Peanut allergy is one of the most common food allergies. It is also the allergen most frequently associated with anaphylaxis. Peanut allergy among children continues to rise, and to date, there is no way to prevent it. The most common treatment for food allergy is avoidance. But what do you do if you don’t know whether your toddler is allergic to peanuts?
Generally, physicians do not test for allergy prior to exposure and reaction. If you’re introducing new foods, or your child is going into day care or preschool, exposure to peanuts could become a bigger concern. So how can you detect and manage peanut allergy in toddlers?
When is it Safe to Introduce Peanuts to Children?
New guidelines introduced in 2017 by the National Institute of Health recommend that parents begin introducing food products that contain peanuts as early as 4-6 months of age. There is increasing research that shows early introduction of peanuts to infants could prevent later development of peanut allergy. However, researchers, doctors and allergists first caution that it is important to figure out whether your child might be at risk for peanut allergy. This question can be answered by talking with your pediatrician when discussing the introduction of solid foods into your infant’s diet. Signs to watch out for that may indicate your child is at risk include:
- History of severe eczema, dry, itchy skin and rash
- Allergy to eggs
If there is a sign that your child might be at risk, further testing could be the next step before introducing any peanut-containing foods.
Managing Peanut Allergy in Toddlers
If your toddler has previously been diagnosed with a peanut allergy, managing it can be difficult. Toddlers do not yet have the ability to grasp the seriousness of allergies, they have new found mobility and lots of curiosity, and other people may not be as careful as they think they are, leaving allergens lying in reach. The following tips could help prevent accidental exposure.
- Remove all peanut-containing food from your home. Avoidance is the current best practice for managing allergies. Removing all foods that contain peanuts as an ingredient from your home can dramatically reduce the chance of accidental exposure.
- Read labels. The Food and Drug Administration (FDA) has strict guidelines about how ingredients for processed foods must be labeled, and mandates for alerts that allergens are or may be included in the product. Generally, the eight major allergens, including peanuts, must be clearly named on the packaging. The identification can be either in the form of a “contains” statement separate from the ingredient list, or in parentheses after an alternative name such as “enriched for (wheat flour…).” For more information about how allergens must be listed on food products, check out the 2016 FDA current guidelines.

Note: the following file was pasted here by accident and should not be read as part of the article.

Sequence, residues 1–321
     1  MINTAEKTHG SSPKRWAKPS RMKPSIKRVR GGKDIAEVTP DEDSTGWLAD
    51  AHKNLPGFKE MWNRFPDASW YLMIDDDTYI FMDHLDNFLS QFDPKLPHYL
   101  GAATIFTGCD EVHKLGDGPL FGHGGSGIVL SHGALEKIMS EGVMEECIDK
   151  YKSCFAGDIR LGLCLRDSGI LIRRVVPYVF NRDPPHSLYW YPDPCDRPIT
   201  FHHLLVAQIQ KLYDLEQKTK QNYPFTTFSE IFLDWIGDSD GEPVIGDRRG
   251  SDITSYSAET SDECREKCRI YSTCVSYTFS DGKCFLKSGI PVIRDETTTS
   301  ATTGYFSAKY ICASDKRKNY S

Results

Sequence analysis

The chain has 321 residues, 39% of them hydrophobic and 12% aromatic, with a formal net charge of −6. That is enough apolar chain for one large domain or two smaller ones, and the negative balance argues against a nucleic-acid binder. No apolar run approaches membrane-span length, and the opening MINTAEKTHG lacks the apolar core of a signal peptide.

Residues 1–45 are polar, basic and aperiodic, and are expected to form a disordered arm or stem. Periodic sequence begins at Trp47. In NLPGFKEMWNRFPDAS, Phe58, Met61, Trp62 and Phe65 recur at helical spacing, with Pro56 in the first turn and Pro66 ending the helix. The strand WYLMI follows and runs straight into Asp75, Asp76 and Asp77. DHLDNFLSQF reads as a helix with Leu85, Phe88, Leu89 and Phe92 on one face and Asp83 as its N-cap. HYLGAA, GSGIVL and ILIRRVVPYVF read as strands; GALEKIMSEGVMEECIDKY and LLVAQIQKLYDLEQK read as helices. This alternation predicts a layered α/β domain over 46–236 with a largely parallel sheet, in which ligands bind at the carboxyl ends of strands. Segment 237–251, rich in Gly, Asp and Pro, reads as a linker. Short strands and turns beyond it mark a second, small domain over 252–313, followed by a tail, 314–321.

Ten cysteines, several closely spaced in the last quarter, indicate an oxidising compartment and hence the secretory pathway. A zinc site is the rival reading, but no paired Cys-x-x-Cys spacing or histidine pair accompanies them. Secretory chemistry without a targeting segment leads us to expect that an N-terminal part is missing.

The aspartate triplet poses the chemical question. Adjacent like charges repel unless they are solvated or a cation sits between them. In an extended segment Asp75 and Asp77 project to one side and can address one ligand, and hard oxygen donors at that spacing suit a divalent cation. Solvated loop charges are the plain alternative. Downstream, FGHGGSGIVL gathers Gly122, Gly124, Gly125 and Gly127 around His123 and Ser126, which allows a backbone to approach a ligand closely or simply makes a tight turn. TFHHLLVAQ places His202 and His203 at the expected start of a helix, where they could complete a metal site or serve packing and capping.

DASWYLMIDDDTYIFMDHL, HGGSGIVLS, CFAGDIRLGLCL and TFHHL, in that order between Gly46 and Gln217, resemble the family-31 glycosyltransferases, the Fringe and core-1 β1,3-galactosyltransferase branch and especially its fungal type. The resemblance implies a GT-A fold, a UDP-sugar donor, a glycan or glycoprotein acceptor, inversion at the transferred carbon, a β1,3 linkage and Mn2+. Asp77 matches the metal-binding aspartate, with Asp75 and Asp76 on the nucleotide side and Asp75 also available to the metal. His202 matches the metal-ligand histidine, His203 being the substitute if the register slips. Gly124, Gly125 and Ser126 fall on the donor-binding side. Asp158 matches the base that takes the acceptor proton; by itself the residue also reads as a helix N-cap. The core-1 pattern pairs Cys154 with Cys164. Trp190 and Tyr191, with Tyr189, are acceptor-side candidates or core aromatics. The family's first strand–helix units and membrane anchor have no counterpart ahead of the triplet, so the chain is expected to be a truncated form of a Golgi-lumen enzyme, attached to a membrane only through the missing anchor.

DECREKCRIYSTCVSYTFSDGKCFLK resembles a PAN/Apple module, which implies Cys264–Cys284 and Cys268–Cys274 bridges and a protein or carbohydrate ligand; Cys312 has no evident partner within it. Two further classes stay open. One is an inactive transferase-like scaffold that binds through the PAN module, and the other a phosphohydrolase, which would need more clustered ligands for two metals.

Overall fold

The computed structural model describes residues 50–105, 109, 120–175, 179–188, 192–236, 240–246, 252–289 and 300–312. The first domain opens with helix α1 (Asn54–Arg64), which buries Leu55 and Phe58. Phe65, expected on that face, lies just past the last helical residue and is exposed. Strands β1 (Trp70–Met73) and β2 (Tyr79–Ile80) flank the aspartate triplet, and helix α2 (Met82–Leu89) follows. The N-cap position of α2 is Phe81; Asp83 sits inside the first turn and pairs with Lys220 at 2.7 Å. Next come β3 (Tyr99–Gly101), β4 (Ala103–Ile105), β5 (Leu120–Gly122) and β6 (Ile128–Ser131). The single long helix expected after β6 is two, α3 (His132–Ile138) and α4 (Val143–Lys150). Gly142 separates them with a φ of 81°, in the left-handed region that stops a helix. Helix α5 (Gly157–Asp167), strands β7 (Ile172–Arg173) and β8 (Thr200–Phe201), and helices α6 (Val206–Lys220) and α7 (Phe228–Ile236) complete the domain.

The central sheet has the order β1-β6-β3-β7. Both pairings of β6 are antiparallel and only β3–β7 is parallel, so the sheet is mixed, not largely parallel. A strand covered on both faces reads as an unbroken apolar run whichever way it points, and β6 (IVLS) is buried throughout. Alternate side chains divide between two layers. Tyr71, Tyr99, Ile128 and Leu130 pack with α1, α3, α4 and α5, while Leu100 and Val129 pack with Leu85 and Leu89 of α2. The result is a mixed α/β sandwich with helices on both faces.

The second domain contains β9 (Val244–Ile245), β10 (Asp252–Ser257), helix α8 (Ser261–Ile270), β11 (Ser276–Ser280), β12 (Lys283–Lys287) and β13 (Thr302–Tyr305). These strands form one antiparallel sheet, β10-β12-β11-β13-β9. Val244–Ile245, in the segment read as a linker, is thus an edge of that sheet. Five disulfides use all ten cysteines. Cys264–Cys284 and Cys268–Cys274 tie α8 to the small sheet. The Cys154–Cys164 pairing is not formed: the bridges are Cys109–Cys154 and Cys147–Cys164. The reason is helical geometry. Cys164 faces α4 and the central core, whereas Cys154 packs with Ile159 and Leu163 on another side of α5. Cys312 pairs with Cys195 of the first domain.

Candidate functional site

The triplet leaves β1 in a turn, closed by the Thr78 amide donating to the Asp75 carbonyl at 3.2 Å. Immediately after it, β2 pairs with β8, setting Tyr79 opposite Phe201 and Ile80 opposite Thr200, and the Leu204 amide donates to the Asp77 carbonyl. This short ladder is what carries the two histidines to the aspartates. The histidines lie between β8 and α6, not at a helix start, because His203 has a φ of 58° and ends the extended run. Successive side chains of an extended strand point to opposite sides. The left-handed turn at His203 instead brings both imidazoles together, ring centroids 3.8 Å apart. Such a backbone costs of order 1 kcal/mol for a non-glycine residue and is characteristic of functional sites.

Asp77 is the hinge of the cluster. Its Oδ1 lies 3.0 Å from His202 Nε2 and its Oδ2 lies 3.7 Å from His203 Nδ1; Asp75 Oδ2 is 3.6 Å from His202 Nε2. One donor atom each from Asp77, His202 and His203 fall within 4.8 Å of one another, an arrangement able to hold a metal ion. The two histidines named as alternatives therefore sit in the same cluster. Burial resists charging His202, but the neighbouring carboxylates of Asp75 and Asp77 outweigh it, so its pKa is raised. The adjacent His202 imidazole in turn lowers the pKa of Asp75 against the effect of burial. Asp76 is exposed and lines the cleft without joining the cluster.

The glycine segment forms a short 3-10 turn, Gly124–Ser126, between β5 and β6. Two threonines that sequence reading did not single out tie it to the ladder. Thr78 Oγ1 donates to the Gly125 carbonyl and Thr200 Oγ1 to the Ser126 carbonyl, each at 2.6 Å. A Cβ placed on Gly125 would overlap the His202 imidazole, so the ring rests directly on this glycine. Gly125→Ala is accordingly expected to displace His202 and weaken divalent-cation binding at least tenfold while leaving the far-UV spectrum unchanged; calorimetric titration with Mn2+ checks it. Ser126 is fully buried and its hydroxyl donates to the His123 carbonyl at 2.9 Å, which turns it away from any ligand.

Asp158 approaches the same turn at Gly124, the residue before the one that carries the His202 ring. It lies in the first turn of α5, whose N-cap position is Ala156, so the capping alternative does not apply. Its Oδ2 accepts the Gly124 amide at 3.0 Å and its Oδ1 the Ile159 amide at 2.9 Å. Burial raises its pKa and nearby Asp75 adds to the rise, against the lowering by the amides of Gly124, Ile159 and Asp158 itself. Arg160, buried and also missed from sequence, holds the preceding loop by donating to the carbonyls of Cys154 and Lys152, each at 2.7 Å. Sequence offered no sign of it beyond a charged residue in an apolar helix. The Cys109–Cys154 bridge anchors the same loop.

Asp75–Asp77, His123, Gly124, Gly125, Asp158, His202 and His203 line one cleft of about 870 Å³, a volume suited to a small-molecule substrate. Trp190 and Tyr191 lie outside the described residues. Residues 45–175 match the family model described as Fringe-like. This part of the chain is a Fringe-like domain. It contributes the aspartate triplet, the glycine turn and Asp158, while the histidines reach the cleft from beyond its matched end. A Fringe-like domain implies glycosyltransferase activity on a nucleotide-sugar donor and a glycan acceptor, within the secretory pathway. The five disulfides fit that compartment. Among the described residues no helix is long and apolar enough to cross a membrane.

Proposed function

- Talk with family, friends, teachers and caregivers. Your toddler interacts with people from various aspects of your life and theirs. Be sure to include those people in your management plan. Ensure they are aware of your toddler’s allergy and what they can do to help keep your child safe while interacting or in their care. Many schools and camps are now “peanut free,” but if they are not, it can be beneficial for all the adults in your toddler’s life to be on the same page.
- Be prepared at social events. Call ahead to find out what’s on the menu if the social gathering is food centered, and alert the host of your toddler’s peanut allergy. Regardless the hosts intent, other people might still bring allergen laden food products to the event, so you may want to be prepared for hurdles.
- Bring treats you know are safe for your child to eat.
- Ask the host if they mind you bringing treats to contribute to the party, so you can ensure your toddler doesn’t feel “left out” of eating what “everyone else” is eating.
- Keep an emergency first aid kit with an epinephrine autoinjector nearby.
- Pay attention to potential mishaps, like someone leaving a candy wrapper laying around and discard it before your toddler gets ahold of it, to prevent any accidents. This could be extremely difficult and is not foolproof, but it can help minimize accidental emergencies.
- Know the signs and symptoms of allergic reaction. The most common symptoms of peanut allergy in toddlers include:
- Itching, hives or swelling
- Trouble breathing
- Dizziness or fainting
- Know what to do in case of an allergy emergency. If your toddler experiences anaphylaxis, the first line of treatment is epinephrine. Follow the instructions on your autoinjector and call 911 for emergency medical response. Anaphylaxis is a life threatening allergic reaction.
Dealing with potential peanut allergies in toddlers can be an overwhelming undertaking. But with a little information, preparation, buy in and help from friends and family, the task can become much more manageable.
Do you have a toddler with a peanut allergy? Join the discussion below. Let us know how you manage your toddler’s peanut allergy at home or away.